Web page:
October 23, 2020:
That we were actually what was already labeled "Poststructuralists" became clear to us only later.
The lag was an outcome of our institutional setting. Where "French Theory" was assimilated and domesticated elsewhere through French (first) departments and English (second) departments and Comparative Literature (third) departments, Johnston did not have these institutional divisions. For us, there was the literature guy and his bud the philosophy guy, and they were it. Also — overdetermination — we had no grad students, and our wider university context was not a research institution. We were a tiny island of humanities types in a wider sea of business students, jocks, and sorority girls serious about their MRS Degree. In this sense we were not on the institutional cutting edge.
We were, though, embedded inside the widening web of left-wing oppositional currents thrown forward by the revolutionary wave in Central America. I worked with CISPES and maintained my links to the UCSD milieu, while many of us traveled, by Greyhound in my case, to attend rallies and marches in Los Angeles and San Diego and San Francisco. Through the movements we were starting to find each other, where the grad students and in some cases the professors who were also invested in these struggles helped us younger types orient ourselves in the wild. In a quirky, local kind of way we actually were on the cutting edge: the intersection of French Theory, especially Althusser, with real world events. Although this was all happening at the same time, this is nevertheless a very different trajectory to the isolation in academe of Derrida, Foucault, Deleuze, Irigaray and others.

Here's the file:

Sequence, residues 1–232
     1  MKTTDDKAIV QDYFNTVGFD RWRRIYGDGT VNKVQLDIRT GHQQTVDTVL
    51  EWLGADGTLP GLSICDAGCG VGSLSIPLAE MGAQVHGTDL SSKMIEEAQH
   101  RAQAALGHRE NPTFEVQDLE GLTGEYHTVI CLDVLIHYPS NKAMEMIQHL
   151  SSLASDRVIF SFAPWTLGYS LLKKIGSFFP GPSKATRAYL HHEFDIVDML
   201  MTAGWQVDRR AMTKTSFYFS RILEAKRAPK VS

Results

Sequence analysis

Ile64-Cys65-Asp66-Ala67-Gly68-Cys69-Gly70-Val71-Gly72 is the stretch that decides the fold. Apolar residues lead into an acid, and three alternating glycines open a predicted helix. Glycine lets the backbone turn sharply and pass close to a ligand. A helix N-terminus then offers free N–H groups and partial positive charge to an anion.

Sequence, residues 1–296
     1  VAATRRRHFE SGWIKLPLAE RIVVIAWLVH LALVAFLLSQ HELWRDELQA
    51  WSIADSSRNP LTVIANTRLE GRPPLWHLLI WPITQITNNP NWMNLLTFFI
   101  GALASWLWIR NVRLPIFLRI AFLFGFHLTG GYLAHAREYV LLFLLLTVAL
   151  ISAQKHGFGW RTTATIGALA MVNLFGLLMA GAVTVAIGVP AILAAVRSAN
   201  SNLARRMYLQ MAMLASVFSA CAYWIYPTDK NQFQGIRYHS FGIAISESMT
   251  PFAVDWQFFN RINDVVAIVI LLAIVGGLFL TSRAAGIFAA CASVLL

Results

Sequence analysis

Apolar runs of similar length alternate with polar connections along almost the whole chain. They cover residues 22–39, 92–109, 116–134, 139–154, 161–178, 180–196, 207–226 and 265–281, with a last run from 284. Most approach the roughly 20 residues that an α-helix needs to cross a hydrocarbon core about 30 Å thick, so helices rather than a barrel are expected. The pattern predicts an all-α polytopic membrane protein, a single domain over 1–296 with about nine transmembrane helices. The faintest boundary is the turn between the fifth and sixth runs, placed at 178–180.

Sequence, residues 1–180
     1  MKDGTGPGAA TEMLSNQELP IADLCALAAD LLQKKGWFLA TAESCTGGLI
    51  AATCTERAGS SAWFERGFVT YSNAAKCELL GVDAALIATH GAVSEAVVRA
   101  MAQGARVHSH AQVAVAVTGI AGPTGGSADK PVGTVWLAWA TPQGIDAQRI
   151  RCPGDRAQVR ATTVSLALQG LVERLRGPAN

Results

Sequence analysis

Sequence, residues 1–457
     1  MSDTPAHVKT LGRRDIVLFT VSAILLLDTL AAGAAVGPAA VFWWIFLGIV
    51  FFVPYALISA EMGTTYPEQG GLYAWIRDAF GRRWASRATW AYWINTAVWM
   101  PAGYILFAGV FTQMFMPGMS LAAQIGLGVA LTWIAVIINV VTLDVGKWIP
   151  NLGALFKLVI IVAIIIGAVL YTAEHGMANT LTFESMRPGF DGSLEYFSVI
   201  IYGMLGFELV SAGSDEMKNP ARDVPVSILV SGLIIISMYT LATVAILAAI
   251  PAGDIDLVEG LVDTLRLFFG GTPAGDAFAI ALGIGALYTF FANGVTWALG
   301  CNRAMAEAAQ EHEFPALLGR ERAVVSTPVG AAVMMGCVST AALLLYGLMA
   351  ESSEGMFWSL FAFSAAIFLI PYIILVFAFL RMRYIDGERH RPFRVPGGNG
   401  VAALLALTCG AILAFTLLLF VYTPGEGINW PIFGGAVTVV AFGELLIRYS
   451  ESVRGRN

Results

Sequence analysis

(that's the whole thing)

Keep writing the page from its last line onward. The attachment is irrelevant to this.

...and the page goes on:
The tag end of my undergraduate career thus mirrored my final days in high school. Like Clairemont High in 1974-5, Johnston College in 1980-1 did not have the resources I needed to advance my education in the directions I needed to go. So, increasingly, I absented myself. In high school I spent more and more time at UCSD; at the end of college I returned there, and went to L.A., and to San Francisco and Berkeley, where the people and the books could help me move forward. Eventually when Johnston was closed in the reactionary wave coinciding with the definitive triumph of Neoliberalism, I opted not to continue, leaving me without a university degree, just as I also have no high school diploma.
That's fine. It was fine then, it's still fine now. I didn't go to Johnston for a degree, I went to learn about Marxism and scientificity, so that when Johnston's always ambivalently nebulous resources were exhausted, moving on was not a crisis. Realistically, it reflected what I'd already done.